Howard University students protest campus safety and facilities
Howard University students are staging a sit-in to demand school officials address safety concerns and give students representation on the board of trustees, Paige writes.
- Students at the prestigious HBCU are reporting black mold, water leaks, bugs and rodents in university facilities, all while the price of tuition increases.
Why it matters: This is the second large student protest of its kind in the last few years at Howard. Students and alumni say the university still isn’t putting students first.
Howard's Cynthia Evers, the vice president of student affairs, released a statement saying the university supports the right to peaceful protest, and "the well-being of our students is always one of our top concerns."
The statement also details some of the work the university has done to provide housing for students and to address other concerns, including representation on the board of trustees.
- HU's housing occupancy rate is 94%, according to the statement, which also says some students were asked to meet with judicial affairs to discuss code of conduct violations.
Driving the news: Since Tuesday night, students have been staging a sit-in at Blackburn Center on campus.
- Axios' Chelsea Cirruzzo was turned away after attempting to get on campus Wednesday afternoon.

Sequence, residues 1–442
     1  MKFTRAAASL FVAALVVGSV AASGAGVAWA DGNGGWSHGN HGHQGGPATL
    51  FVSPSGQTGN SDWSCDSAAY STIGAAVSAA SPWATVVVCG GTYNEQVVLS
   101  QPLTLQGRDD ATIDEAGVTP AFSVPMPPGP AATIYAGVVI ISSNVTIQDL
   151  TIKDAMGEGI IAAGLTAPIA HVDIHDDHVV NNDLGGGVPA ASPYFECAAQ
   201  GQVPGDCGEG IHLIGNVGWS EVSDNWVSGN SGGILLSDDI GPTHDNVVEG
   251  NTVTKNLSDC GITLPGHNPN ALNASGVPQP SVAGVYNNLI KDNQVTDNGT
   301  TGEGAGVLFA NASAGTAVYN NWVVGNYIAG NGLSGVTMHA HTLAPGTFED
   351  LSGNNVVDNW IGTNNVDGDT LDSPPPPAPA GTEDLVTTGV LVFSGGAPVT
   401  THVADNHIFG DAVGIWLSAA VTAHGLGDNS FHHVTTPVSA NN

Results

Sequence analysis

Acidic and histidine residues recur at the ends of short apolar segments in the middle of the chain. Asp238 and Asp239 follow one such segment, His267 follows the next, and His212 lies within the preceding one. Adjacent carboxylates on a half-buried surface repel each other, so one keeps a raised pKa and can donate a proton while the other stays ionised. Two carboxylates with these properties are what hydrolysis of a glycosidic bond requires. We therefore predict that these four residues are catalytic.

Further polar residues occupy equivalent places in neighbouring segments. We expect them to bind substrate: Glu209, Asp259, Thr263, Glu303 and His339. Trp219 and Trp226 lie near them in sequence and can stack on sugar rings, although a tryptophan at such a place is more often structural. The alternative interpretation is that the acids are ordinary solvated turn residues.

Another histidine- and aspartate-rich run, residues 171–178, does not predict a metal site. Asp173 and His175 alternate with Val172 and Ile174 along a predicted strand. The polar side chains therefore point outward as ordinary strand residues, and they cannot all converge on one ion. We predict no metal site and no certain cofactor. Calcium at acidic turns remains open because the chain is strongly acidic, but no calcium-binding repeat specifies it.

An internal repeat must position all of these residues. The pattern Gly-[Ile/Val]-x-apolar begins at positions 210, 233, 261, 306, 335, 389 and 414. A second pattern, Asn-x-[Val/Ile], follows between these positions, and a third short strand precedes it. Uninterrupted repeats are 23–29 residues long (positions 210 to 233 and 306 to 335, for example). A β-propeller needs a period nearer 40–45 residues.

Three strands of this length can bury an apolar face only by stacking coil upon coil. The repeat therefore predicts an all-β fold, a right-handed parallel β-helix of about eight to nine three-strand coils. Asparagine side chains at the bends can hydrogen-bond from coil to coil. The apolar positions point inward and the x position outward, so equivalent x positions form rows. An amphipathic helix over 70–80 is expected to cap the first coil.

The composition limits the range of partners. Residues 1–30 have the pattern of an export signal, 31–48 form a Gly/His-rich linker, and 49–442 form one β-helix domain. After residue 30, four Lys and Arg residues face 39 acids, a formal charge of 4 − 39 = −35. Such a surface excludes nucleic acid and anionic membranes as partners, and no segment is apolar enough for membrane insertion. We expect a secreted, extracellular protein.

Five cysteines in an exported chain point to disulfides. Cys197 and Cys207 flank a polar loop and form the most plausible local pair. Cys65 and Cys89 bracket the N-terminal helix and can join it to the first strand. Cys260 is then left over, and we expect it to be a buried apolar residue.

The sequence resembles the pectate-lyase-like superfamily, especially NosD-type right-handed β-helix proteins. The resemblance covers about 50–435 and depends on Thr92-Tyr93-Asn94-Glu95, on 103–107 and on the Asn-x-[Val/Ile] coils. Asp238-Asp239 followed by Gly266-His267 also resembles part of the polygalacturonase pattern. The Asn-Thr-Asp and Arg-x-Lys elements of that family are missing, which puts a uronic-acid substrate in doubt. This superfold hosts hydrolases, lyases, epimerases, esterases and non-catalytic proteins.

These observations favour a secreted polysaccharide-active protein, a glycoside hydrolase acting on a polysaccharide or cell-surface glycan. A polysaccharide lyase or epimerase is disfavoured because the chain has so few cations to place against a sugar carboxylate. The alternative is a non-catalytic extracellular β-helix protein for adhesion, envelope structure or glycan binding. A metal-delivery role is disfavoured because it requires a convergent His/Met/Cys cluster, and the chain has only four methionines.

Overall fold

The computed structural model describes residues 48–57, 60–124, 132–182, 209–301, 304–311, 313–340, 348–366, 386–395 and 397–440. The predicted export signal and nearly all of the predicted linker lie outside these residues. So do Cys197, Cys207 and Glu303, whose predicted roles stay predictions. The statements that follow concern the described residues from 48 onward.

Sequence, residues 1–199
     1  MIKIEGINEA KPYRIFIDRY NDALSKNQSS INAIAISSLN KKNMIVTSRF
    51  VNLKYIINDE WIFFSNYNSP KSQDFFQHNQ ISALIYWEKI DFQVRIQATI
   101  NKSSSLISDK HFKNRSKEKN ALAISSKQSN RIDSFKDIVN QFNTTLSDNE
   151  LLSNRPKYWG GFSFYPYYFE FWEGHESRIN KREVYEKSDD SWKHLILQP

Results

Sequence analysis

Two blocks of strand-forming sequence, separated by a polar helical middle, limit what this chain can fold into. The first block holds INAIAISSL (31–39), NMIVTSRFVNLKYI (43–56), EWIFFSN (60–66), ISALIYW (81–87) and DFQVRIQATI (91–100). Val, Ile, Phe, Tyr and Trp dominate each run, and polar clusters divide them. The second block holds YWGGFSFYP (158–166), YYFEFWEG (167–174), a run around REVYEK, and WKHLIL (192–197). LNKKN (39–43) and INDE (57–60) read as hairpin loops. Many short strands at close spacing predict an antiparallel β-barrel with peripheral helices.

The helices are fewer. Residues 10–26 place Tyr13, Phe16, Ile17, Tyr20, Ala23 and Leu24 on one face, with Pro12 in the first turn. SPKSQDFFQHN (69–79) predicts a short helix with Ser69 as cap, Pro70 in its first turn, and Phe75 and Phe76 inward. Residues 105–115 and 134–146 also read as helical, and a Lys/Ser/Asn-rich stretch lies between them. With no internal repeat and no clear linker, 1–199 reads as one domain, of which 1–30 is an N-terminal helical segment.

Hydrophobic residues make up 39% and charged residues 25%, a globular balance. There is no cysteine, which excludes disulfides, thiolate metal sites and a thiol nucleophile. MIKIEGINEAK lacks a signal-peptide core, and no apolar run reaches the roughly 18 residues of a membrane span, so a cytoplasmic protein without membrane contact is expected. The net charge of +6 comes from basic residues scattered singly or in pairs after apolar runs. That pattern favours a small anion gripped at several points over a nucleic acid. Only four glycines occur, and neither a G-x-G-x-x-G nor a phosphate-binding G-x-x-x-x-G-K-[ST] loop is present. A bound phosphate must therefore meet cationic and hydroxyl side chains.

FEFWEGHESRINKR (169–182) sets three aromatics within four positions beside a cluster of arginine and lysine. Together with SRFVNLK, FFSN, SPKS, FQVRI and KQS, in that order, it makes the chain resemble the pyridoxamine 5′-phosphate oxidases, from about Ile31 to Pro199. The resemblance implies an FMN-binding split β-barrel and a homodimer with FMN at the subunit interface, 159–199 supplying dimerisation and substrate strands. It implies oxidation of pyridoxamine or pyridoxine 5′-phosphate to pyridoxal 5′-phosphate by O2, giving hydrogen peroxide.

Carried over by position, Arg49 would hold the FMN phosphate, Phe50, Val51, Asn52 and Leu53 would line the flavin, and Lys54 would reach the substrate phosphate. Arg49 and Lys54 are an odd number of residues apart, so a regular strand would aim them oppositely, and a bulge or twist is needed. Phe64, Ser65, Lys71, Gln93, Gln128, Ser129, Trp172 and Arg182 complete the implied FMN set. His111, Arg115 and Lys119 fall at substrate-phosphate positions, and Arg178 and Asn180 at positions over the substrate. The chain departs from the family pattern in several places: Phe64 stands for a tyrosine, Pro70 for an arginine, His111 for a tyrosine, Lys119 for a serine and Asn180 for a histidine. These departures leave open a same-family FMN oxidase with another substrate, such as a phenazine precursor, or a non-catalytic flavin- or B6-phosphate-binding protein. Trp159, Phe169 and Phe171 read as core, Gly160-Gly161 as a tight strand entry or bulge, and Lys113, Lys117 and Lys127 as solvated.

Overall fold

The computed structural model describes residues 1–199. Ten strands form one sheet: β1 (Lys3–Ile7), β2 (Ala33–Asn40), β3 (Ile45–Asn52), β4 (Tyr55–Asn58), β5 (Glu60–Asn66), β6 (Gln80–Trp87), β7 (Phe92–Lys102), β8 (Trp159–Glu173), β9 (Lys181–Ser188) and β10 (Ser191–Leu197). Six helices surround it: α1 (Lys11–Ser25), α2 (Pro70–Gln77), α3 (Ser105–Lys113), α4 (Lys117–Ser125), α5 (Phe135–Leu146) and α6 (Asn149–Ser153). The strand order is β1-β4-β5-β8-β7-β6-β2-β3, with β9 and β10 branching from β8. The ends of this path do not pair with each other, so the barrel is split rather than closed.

HU senior Aniyah Vines and founder of The Live Movement, an advocacy group for HBCU students, tells Axios that university officials threatened to expel students who didn’t leave, and pulled a false fire alarm to force students out.
- She also says MPD officers attempted to forcibly remove them from Blackburn.
- Vines tells Axios that she got sick from mold in her dorm and had to be moved.
“People are saying the same things in 2021 as they did in 2018. So that means that nothing is happening. No change is being made,” the student leader said of university officials responding to student needs.
- Vines — who’d been protesting for 36 hours straight without sleep when she spoke with Axios — says students will continue to pressure the administration until their demands are met.
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